Philosophy Professor Alan Baker Leads Tours on Life of George Berkeley
Newport This Week: Berkeley Scholars Breathe Life into Whitehall
Four philosophers from the Texas A&M-based International Berkeley Society – Alan Baker, Scott Breuninger, Richard Brook, and Nancy Kendrick – will present guided tours of Whitehall through July and August. The scholars, all kindred spirits who have settled in at Whitehall for the summer, have interests which range from intellectual history and the 18th-century, to feminist history of philosophy. Guests have the unique opportunity to learn more about Berkeley and his influence on the intellectual life of Colonial America and the architecture he shaped by introducing the first Palladian-style residence in New England.
The philosopher-guides are impressive in their own right. Alan Baker is an associate professor in the Department of Philosophy at Swarthmore College (his special interest: the intersection between philosophy of math and science).
A quick primer: According to Baker, “Berkeley would adhere to the if-a-tree-falls-in-the-forest-and-nobody-is-around-to-hear-it-does-it-make-any-noise school. His view was that physical objects don’t exist. A chair, for example is a bundle of perceptions. Each of us has an idea of what it is through these perceptions.” Baker also added that Berkeley’s ideas would be the antithesis of modern scientific principles, “which hold that all is material within material, or Descartes’ ideas that there is the physical world of tables and chairs and then a realm of the mind.”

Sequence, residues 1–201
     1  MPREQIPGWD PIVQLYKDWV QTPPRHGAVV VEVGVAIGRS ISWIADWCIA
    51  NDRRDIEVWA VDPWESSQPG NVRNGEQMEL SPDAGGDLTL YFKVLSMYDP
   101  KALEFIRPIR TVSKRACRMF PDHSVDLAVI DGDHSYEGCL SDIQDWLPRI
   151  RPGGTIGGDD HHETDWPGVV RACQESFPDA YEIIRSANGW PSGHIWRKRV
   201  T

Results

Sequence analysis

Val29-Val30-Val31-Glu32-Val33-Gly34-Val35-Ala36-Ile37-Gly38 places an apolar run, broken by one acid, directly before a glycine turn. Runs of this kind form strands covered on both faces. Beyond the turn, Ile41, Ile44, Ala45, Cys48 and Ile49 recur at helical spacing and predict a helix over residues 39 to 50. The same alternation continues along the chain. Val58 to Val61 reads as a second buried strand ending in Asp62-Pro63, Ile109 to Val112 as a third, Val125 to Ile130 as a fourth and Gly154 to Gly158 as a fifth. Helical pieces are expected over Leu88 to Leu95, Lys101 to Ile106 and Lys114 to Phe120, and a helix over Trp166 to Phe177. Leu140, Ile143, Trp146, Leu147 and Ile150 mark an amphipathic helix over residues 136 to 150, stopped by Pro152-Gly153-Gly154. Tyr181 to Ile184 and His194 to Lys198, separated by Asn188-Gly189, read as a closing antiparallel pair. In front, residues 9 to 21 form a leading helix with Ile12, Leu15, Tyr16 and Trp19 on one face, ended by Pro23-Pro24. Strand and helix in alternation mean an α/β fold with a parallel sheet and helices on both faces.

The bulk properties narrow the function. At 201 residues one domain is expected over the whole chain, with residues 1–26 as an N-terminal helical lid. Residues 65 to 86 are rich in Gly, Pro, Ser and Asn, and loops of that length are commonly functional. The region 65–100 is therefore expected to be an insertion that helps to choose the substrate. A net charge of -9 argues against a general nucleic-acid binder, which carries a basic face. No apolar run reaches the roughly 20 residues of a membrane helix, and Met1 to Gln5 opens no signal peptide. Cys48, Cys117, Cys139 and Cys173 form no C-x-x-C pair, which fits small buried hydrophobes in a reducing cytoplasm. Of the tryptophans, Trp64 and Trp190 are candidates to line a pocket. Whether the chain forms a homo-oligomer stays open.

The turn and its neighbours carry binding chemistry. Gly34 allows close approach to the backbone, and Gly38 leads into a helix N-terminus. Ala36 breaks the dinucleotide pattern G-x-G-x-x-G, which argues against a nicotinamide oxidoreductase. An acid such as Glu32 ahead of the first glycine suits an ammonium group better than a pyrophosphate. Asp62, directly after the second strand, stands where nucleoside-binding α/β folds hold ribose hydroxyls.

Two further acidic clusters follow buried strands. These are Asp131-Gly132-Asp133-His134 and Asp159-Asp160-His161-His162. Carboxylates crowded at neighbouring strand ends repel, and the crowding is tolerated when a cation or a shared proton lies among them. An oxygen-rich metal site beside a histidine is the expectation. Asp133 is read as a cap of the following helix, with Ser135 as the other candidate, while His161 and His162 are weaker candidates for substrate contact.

Whitehall is a museum of magnificent 18th-century bundles of perceptions – authentic desks, tables, lamps, all restored and lovingly replaced by the Colonial Dames who bought the house from Yale University which had purchased it from Berkeley (when it was Yale College) after three short years of his residence, with his wife, in Middletown (see sidebar).
“After he sold it to Yale, it began to fall apart,” said Baker. “It was a far cry from his arrival in 1729 when you could argue he was the most famous person in the world. He is not nearly as familiar to non-philosophers (now).”
The Bakers – Shelley and Alan – are thrilled to be back conducting tours on Berkeley Avenue. “I tell my students at Swarthmore that philosophy is an action,” said Baker. “You do philosophy by discussing it.”
Read the full article at Newport This Week.
Baker, who joined the Swarthmore faculty in 2003, teaches classes in philosophy of science, the philosophy of mathematics, and metaphysics.